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Specifically: Legacy section; pop culture references, influence on other games, things of that sort.
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The Street Fighter III games were produced for the CD-ROM-based CPS III hardware, which allowed for more elaborate and detailed 2D graphics.
Street Fighter III: New Generation was first released in February 1997, introducing several new features to the series. The gameplay is similar to Super Street Fighter II Turbo, but players can now parry most attacks, and also perform dashes, high jumps, and quick stands. The Super Art system was also introduced, with at least 3 Super Arts available to each character, and the choice of Super Art determined the size of the Super Art Gauge and the number of Stocks available.
The ten/eleven playable characters are listed as follows:
Gill serves as the final boss for all fighters.
An updated version of the previous game, Street Fighter III 2nd Impact - Giant Attack was first released in September of the same year and introduced even more new mechanics. EX Special attacks made their debut and allowed more powerful special attacks at the cost of some of the Super Art Gauge. The choice of Super Arts would also determine how many EX Specials could be stored.
Throw Technicals allowed players to counter and escape their opponent's throw attempts. Personal Actions marked the return of taunts and added effects that benefited users, from increased defense to powering up the next attack. Bonus rounds also returned in this game.
A few changes were made to the playable roster, carried over from the first game:
- Akuma reprises his role as a secret boss and is playable as well. His "true" form also appears and is playable in the console versions.
- Hugo, originally planned to debut in the first game, makes his first playable appearance here, traveling with his manager Poison, who appears during his intro and victory animations.
- Urien is Gill's younger brother who shares a similar moveset (though not similar enough to be considered a clone). Gill himself was playable for the first time in the console versions.
- Yun and Yang are playable as separate characters with their own special attacks and Super Arts.
A compilation of the first two games was released in 1999 as Street Fighter III: Double Impact for the Sega Dreamcast.
Street Fighter III: 3rd Strike was first released in May 1999, and is the final game of the series. 3rd Strike introduced a couple of further gameplay changes - the "Red Parry", which lets a player parry while blocking, and a grading evaluation system which ranks (from lowest to highest): E, D, C, B, A, S, SS, XS, MSF. The car-destroying bonus round from the Street Fighter II games also returned.
In addition to the previous roster, 3rd Strike also introduced five more playable characters:
- Chun-Li, who searches for an orphan kidnapped by Urien while under her care.
- Makoto, looking to restore the popularity of her grandfather's dojo.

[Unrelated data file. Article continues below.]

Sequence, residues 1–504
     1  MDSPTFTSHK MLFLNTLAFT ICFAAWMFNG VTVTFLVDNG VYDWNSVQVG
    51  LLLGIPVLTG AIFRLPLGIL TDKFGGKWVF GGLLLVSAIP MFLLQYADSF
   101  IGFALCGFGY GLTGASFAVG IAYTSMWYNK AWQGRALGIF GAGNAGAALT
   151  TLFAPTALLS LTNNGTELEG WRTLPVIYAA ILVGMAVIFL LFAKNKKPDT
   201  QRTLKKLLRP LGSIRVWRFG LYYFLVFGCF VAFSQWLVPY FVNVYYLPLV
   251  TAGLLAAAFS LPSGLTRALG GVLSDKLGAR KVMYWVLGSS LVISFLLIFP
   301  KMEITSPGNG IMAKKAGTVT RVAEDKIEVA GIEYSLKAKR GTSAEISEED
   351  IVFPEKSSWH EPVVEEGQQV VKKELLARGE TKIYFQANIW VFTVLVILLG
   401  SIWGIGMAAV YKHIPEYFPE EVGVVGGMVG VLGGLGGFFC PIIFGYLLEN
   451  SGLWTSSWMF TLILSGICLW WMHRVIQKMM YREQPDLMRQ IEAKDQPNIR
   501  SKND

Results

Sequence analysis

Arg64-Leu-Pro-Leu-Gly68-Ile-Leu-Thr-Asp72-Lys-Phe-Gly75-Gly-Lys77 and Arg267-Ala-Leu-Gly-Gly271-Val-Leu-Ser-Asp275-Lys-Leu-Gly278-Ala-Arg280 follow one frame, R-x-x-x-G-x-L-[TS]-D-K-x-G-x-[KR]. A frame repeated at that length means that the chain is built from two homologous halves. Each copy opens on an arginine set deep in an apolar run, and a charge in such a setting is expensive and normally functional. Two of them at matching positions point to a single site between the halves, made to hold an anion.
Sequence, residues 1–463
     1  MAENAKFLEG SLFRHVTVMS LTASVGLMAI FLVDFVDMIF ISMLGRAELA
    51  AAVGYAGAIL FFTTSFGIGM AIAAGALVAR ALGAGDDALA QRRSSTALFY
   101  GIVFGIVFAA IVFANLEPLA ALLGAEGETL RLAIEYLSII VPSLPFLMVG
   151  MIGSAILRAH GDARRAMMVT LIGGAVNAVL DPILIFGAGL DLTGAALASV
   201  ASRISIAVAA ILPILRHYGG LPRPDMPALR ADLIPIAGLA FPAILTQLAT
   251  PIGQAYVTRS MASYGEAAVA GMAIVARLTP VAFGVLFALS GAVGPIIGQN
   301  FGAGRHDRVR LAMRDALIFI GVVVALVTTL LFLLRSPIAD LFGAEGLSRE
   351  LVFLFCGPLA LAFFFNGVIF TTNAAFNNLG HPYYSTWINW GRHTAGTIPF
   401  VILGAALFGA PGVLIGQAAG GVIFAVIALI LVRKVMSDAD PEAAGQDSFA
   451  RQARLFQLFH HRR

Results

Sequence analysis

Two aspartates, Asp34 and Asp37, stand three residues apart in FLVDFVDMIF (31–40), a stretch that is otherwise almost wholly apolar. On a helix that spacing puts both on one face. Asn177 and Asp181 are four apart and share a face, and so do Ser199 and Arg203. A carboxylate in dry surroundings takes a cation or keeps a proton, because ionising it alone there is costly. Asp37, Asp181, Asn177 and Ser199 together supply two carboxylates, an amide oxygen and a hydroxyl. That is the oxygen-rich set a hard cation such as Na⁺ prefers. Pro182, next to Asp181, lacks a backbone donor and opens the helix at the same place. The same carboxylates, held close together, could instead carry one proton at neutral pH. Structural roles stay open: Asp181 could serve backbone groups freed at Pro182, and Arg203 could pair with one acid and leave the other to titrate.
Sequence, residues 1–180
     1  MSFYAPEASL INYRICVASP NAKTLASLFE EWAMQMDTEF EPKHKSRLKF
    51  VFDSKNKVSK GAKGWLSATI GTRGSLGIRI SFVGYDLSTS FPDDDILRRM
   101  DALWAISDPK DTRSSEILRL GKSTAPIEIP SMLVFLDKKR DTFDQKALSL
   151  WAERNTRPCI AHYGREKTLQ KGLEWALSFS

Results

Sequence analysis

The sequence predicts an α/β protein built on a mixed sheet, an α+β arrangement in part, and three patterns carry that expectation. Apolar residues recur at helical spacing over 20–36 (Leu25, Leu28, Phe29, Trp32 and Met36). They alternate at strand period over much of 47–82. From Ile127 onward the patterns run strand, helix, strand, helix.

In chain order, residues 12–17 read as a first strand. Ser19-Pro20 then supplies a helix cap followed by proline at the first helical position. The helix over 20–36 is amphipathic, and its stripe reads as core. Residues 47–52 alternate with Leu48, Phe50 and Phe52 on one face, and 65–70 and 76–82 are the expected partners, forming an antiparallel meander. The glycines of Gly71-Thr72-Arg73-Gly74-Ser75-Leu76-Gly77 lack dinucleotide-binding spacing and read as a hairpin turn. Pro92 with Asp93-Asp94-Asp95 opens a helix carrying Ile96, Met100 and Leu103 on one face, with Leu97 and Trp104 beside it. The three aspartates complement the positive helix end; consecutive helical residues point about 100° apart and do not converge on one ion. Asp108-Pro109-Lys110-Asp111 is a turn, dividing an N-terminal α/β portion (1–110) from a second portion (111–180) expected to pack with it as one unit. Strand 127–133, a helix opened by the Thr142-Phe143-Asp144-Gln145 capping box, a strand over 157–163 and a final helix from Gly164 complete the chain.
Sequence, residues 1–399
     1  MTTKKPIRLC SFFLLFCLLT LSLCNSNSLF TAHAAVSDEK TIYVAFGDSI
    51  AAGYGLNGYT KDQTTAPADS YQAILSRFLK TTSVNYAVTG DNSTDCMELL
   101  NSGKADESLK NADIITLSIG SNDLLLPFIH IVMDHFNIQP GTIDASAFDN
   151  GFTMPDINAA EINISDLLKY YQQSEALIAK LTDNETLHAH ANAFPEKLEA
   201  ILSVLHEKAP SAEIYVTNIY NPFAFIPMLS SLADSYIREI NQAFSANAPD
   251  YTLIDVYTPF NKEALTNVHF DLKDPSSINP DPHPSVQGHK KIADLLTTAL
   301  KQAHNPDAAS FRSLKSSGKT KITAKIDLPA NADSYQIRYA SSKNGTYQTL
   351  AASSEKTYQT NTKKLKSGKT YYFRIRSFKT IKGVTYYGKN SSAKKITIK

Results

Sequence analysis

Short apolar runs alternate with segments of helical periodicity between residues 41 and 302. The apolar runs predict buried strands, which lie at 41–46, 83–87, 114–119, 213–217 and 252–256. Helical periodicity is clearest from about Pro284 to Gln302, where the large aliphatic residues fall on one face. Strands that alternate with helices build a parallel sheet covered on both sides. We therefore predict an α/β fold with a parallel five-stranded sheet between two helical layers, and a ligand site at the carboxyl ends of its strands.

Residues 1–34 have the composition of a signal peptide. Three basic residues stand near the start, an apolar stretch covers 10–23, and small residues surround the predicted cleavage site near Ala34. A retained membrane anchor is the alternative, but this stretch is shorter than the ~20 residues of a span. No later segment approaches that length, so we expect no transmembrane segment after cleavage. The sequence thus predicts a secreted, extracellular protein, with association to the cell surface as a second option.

- Q, another secret boss and a mysterious figure sighted at various murder scenes.
- Remy, who holds a grudge against all fighters since the loss of his father and sister.
- Twelve, a successful prototype of the G-Project that was ordered to hunt down and kill Necro.
A downloadable online port entitled Street Fighter III: Third Strike Online Edition was released by Iron Galaxy Studios on the PlayStation Network and Xbox Live Arcade in August 2011. First announced at Comic Con 2010, the online edition features, among other new content, enhanced visual settings including various HD filters (although the sprites themselves have not been reworked), YouTube Sharing and GGPO-built online play. All the moves, bugs, glitches, and quirks of the original game remain so as to leave the experience unaltered.
Street Fighter IV was released almost a decade later, and made use of several concepts introduced in the Street Fighter III series, including the Quick Stand, Throw Techs, and EX Specials. The series introduced a new feature known as the Revenge Gauge, which served as the gauge for Ultra Combos.
Super Street Fighter IV gave each character a second Ultra Combo and the ability to pick one before a match, similar to Super Arts. Some characters from the Street Fighter III series, including Ibuki, Dudley, and Makoto, would make another appearance in the series. The Lee twins would appear in the Arcade Edition version, after making cameo appearances in Street Fighter Alpha 3 and Upper/MAX.
The crossover game Street Fighter X Tekken was released in 2012 and, in addition to reusing the same concepts as Street Fighter IV, also reintroduced Super Arts, though there is a major conceptual difference. Hugo would appear playable and Poison would go on to make her first playable appearance as a Street Fighter character and as Hugo's tag partner. Ibuki is also a member of the roster, having previously appeared in Super Street Fighter IV. Dudley (who also appeared previously in Super Street Fighter IV) and Elena would also appear as playable DLC tag partners.
Ultra Street Fighter IV brought back all the characters from Street Fighter X Tekken that did not previously appear in a Street Fighter IV installment. Of the Street Fighter III characters, that includes Hugo, Poison, and Elena.
In Street Fighter V, Alex, Ibuki, Urien and Kolin (making her playable debut) appears as DLC characters. Gill also made a small appearance in the ending of the cinematic story mode as well as Kolin's character story.
Ryu Final, a manga adaption of the series, was written and drawn by Masahiko Nakahira. It has two volumes.
Super Street FighterEdit
UDON's Super Street Fighter and Street Fighter Unlimited comic series are loosely based on the stories of the Street Fighter III games and Super Street Fighter IV.
|Hidden playable character|
|Only computer-controlled character|
|Cheat device playable character|
|Character||New Generation||2nd Impact||3rd Strike|